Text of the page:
Thursday, February 06, 2014

Will the ACA boost retirement savings?

The CBO's new projection that the Affordable Care Act would lead to a labor force reduction equivalent to 2.3 million jobs by 2021 stems in part from an assumption that some people will be reluctant to boost their income because doing so may reduce or eliminate their ACA subsidies.

Perhaps. The ACA includes some subsidy cliffs -- break points at which reporting an extra dollar of income will sharply increase the cost of insurance.  But besides earning less, there are other ways to reduce one's taxable income that should be available even to many lower-income workers.

First, the cliffs. As I have noted before, the ACA premium subsidies for young people phase out gradually. An extra thousand dollars of income will boost premiums by at most about $15 more per month near the upper end of the scale (e.g., income rising from $32k to $33k), less at lower income levels. But the subsidies for out-of-pocket costs change more abruptly, with break points at income levels of 150%, 200% and 250% of the Federal Poverty Level (or FPL).  And the premium subsidies do cut off abruptly for older adults, because the base rates for their premiums are up to three times higher, but the subsidies reduce their share to the same percentage of income as a younger person of the same income will pay.

Look first at the cliffs for the out-of-pocket subsidies. For a single person earning up  to $17,235, subsidies for the cheapest silver plan set the deductible at $100 and the out-of-pocket (OOP) maximum at $750.  Just over that ridge, these subsidies remain generous but fall  to a $300 deductible and $1,550 OOP max.  At $23,265 income, they jump again, to $1,250 and $3850. At $28,275, they phase out.

I doubt that those jumps are likely to motivate many people to keep their hours down -- unless they have medical conditions that they know will bump them against the out-of-pocket maximum (and they have either the awareness or good enough help to pay attention to that).  If you're healthy, the OOP max is likely to seem a bit abstract. Perhaps the deductible jump at 200% FPL ($23,265) might get a few people's attention. But who, as a year is progressing, has an exact sense of their total year's income, much less their modified adjust gross income (MAGI), on which the ACA subsidies are calculated? Perhaps a vague sense that "if I work more, my health insurance will get more expensive" may operate on a few people. But at these cliff levels, I doubt that that factor would motivate many to cut hours.

The premium subsidy cliff for older exchange buyers is more serious, especially if there are two of them in a household.   To return to an example I cited previously, take a pair of 55 year-olds with a 23 year-old son or daughter. For them, the cheapest silver plan in Essex County New Jersey is $1,357 per month.  If the family income is $63,000, the monthly subsidy is $876, their monthly payment $481.  At $79,119 (299% FPL), the subsidy has dropped modestly, to $756. At $79,121, it's -- zero.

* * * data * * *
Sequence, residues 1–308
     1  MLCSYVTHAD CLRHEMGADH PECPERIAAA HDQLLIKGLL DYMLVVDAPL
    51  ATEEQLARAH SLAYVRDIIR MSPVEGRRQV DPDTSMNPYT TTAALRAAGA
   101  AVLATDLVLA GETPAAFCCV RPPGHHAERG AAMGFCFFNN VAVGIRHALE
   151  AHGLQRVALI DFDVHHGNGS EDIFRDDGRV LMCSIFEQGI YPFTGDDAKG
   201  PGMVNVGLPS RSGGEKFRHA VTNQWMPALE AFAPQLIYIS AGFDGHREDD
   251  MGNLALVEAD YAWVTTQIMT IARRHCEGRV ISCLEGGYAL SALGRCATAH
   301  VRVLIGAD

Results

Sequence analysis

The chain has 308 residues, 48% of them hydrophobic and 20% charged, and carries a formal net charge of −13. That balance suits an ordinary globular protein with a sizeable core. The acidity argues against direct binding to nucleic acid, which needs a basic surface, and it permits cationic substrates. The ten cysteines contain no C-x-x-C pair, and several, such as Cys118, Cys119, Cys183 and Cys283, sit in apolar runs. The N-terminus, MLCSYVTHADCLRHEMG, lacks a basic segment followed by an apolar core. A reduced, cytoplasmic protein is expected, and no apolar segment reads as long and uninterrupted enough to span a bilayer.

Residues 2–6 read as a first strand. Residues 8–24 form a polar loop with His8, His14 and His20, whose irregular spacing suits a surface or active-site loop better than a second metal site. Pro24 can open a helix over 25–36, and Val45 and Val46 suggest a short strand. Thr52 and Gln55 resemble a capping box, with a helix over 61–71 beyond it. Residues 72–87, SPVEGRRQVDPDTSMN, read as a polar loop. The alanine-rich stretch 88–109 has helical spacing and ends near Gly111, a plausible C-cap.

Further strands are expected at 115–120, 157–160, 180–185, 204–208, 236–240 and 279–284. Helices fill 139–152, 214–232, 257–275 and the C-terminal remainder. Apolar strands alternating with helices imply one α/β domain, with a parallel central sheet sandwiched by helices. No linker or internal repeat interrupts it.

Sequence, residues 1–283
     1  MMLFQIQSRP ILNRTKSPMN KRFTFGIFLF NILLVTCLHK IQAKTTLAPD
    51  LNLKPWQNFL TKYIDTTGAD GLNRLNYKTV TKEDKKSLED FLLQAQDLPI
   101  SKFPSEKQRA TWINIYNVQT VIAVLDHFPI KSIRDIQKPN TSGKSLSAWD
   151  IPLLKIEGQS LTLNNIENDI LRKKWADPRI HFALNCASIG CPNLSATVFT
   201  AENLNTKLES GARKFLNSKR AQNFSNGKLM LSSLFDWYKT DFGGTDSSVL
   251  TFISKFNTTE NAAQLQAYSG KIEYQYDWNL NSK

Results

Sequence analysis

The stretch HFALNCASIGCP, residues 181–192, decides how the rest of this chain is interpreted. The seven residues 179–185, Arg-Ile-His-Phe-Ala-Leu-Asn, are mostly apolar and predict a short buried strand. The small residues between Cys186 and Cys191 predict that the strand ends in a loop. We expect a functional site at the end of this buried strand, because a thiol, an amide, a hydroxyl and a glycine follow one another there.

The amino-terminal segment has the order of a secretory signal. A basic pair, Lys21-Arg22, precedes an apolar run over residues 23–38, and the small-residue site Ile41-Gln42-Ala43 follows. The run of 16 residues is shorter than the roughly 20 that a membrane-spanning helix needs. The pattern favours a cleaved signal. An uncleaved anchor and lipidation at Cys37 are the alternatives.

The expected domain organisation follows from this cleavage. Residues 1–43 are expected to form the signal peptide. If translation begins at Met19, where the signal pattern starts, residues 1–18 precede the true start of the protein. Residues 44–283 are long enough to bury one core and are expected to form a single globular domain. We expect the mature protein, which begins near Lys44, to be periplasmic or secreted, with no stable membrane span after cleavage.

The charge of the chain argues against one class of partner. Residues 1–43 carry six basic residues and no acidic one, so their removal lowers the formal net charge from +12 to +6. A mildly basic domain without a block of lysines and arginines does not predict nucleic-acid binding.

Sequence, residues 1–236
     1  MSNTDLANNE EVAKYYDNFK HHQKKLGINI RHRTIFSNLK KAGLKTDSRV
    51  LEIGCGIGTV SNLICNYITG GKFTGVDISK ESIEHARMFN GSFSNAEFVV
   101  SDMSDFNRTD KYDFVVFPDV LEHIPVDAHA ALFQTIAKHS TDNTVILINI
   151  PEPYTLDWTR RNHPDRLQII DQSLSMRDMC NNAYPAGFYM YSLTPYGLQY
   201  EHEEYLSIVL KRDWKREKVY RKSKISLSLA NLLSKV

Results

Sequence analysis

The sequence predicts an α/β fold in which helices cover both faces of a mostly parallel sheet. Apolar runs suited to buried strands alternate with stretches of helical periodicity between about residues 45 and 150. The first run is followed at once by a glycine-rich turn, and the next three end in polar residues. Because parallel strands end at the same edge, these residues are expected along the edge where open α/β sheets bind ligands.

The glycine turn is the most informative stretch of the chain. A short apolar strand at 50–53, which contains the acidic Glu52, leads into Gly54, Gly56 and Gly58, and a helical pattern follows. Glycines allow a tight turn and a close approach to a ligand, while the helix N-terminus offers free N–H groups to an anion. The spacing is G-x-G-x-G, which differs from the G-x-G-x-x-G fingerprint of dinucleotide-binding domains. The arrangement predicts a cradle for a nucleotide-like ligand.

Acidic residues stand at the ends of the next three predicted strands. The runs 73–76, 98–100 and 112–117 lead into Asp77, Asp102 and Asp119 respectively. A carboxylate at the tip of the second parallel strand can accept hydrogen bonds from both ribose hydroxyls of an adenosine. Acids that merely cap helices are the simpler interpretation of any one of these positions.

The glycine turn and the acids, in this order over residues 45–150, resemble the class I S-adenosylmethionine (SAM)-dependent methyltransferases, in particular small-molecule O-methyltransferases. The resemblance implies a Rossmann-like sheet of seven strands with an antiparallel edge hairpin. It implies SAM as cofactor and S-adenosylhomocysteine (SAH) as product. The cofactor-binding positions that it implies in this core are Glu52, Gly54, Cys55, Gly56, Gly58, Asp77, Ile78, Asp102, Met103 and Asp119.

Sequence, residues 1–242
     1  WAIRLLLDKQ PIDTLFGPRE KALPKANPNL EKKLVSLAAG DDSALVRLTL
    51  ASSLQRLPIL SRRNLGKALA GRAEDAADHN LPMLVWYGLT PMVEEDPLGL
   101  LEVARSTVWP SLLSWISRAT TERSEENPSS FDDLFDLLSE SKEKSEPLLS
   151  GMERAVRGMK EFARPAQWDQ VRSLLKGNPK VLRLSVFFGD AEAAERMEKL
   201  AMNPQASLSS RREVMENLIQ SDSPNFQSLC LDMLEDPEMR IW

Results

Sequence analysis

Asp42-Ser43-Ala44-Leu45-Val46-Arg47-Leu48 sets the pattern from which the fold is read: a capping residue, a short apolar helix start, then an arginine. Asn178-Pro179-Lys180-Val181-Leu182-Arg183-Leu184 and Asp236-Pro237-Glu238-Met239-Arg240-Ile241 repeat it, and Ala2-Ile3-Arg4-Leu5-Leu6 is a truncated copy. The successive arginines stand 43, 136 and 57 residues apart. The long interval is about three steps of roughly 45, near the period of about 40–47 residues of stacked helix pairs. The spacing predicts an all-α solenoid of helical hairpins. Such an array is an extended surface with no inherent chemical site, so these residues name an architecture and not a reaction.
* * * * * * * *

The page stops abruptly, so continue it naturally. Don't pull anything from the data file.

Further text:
In this case, some serious money is at stake at the cliff. But it seems to me that the likeliest reaction is not to reduce hours or income but to manipulate MAGI -- especially since the stakes are higher as you go up the income scale, and so those at the steeper cliff's edge are likely to be more sophisticated. In fact, they're likely to be self-employed -- i.e., earning a relatively decent income while lacking access to employer-sponsored insurance. And as I've noted before, the taxable income of the self-employed is notoriously malleable at the margins. Sticking another thousand or two in an individual 401k or buying yourself a new computer at Christmas may put you a few inches back from the subsidy cliff.

The ACA added a few skyscrapers to the submerged state.  It will spur some creative accounting. Tax advisers catering to all income levels, e.g. H&R Block should incorporate subsidy levels into their advice to those without access to ESI; tax preparation software should throw up red flags at the subsidy break points. In fact, if the new MyRAs were not structured like Roth IRAs, i.e. not reducing current taxable income, there could be a direct tie: feed your MyRA, lower your premiums!  Hey, Obama.....

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